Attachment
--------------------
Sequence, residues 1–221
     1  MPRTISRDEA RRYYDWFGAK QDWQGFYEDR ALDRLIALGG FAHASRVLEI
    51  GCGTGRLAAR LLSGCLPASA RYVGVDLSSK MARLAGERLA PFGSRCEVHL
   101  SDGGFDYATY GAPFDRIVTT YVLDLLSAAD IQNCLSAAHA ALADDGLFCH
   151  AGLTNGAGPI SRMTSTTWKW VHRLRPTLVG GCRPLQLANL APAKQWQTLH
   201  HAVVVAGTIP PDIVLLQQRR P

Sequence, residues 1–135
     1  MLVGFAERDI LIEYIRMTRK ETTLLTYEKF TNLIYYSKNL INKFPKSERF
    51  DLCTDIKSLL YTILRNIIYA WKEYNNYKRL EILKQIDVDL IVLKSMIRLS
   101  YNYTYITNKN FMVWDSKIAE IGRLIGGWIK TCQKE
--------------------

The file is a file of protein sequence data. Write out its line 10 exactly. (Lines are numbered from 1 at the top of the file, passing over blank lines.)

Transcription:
   101  YNYTYITNKN FMVWDSKIAE IGRLIGGWIK TCQKE